A missional order is a community committed to the practices of a rule of life. The rule of life provides a framework for the rhythm of the community. The rhythm of life is both inward and outward, formation and mission.
There are several posts that I want to connect for this week’s Missional Monday, framed in thoughts from Dan’s post, Getting More Out of Communal Practice-ing. If this is of interest to you, please follow the links to read each of the posts in context.
Dan observes that more and more communities have adopted some form of practice-based rhythm to enhance their spirituality and missional formation and are experimenting with time-tested Benedictine rhythms or lower-bar versions of traditional communal practices.
In an age where the average Joe or Jane is so agenda-challenged, we probably need to settle for communal practice-ing arrangements that may well appear to be lower-bar versions of covenant community or missional Orders. But my guess is that discipleship is being enhanced nonetheless by such accessible rhythms of life. And these expressions may well be seeding the ground for the growth of deeper expressions of an Order-ed life on mission yet to be seen.
Examples of a Rule of Life for a Missional Order:
Here is the statement we are working with as we look at initiating a missional order. MORPH means on a weekly basis we covenant to be:
Missional – I will engage in some noteworthy activity that engages and/or enriches my neighborhood or community or city (or world if traveling).
Other-centered – I choose to bless two people in some conscious act of goodness or generosity; at least one person outside my own church community.
Replenishing – I will join with my triad or quad in reading at least five chapters of a NT book, two chapters of an OT book, and at least one chapter of a spiritually-edifying book or article. I will learn to rest as an expression of God’s gift of Sabbath.
Prayerful – I will quiet my soul and spend one uninterrupted hour with God in prayer. I will also pray the Office at least one time per day and if possible meet to pray with someone or pray over the phone or Internet. I will seek to live prayerfully that I might partner with God in His work in and around me.
Poetic – I will seek simplicity and beauty in all that I do, understanding that God seeks to create in me the image of His son as a unique expression of His fathering. I will seek to love and rejoice in God’s world as He loves and joys in it.
Hospitable – I will extend or receive hospitality on two occasions (at least once with my church, and once with non-believing friends or with an individual in my home or neighborhood or in a Third Place).
We also agree to participate twice a month in our triad, holding one another accountable to this rule.
From Christine Sine:
Though everyone involved in MSA will never live in residential communities, we recognize that there is a need to foster a sense of shared spirituality and commitment in order to accomplish what God has called us to be and do.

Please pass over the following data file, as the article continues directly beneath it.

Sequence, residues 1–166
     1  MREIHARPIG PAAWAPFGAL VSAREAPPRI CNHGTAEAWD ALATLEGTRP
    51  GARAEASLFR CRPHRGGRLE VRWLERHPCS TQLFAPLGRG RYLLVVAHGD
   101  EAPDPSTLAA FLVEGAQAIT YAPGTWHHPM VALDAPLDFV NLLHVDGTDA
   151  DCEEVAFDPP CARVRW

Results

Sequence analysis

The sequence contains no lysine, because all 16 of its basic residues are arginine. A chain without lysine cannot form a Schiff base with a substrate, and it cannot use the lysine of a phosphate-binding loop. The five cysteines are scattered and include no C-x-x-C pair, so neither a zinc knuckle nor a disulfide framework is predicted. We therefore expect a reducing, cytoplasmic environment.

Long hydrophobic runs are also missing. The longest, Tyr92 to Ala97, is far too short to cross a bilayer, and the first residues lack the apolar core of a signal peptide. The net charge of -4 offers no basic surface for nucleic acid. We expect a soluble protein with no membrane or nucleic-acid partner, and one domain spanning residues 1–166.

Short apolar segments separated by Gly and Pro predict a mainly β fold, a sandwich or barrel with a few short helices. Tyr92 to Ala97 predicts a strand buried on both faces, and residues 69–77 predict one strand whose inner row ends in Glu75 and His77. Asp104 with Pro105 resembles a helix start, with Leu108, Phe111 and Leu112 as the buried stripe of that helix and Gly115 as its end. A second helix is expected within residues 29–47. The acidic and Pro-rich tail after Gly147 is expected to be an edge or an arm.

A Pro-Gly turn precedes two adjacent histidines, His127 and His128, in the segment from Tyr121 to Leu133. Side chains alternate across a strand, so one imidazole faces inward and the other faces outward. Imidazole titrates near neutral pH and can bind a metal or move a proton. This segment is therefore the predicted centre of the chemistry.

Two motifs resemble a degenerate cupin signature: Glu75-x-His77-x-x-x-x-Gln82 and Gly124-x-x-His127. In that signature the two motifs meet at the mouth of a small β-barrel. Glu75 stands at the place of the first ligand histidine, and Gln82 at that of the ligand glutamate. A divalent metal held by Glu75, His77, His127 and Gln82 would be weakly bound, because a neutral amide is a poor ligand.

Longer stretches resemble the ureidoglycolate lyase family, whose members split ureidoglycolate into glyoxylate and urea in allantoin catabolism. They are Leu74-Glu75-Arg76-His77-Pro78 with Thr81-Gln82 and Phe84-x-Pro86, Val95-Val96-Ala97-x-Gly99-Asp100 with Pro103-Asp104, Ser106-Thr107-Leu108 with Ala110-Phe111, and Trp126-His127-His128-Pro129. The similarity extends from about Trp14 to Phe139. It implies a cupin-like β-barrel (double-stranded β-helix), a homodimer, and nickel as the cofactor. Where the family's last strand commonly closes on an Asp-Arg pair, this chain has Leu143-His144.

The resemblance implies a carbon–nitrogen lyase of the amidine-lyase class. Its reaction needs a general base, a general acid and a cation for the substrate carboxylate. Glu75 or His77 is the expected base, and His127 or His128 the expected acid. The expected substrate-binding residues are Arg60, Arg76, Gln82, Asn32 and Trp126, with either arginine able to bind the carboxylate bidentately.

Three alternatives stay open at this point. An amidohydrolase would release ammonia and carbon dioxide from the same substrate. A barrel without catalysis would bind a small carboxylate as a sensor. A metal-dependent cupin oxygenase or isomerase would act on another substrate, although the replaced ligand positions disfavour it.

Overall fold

As a result we want to encourage followers of Jesus to work towards:
1. A redeemed (restored) relationship to God through
a. Regular individual prayer
b. Scripture study
c. Times of listening in solitude (meditative prayer)
d. Regular corporate worship
2. A redeemed (restored) relationship to God’s community through
a. The practice of a common life with other followers of Christ
b. Service in the broader community
c. Hospitality and celebration
d. Solidarity with the marginalized
e. Economic stewardship that encourages mutual concern
3. A redeemed relationship with our own inner being through
a. Meditation and contemplation
b. Confession of sins
c. Spiritual formation
4. A redeemed relationship with God’s creation through
a. Responsible ecological stewardship
b. Connection to the God revealed through creation
Dan brings up the idea that perhaps questions would be more useful in developing and defining the practices of our Rule of Life:
Core questions reinforce the value of core practices
The concern I have is over how readily I see leaders deflecting the harder work of discernment away from groups by giving them ready-made practices. I’m beginning to wonder if what we really need are core questions, rather than simply core practices. With core questions, every participant and group is provoked toward the work of discernment, which in itself can be transformative. So, my vote at present is for practices backed up by core questions.
Examples of questions that could be adapted in the process of developing a Rule of Life:
From Makeesha, A New Kind of Question:
- “how are you touching lives outside your faith community?”
- “how are you doing as a community in showing people the tangible love of Jesus?”
- “how often have you seen Jesus this week in the poor, marginalized, confused, hurting, sick, dying…?”
- “is your community being hospitable, generous and kind to those in the community who do not attend your church?”
- “how have you invested in your neighborhood recently?”
From Sky Jethani at Out of Ur:
- How do we grow people?
- How do we equip people and release them to serve outside the church/institution?
- How do we inspire more people to go?
- How many programs have other churches started that we can help support?
- How many people have a committed relationship with another brother or sister in Christ?
- How do we equip people to grow independent of the institution?
- How much revenue can the institution give away?
- How few buildings, pastors, and programs are necessary for God’s people to have time and energy to engage the community?
This core question from Peggy, the virtual abbess:
- Is what I’m about to do/say (or not do/say) going to lead me to keep covenant or break covenant with God and others?
- Whose best interest am I really looking out for at this moment?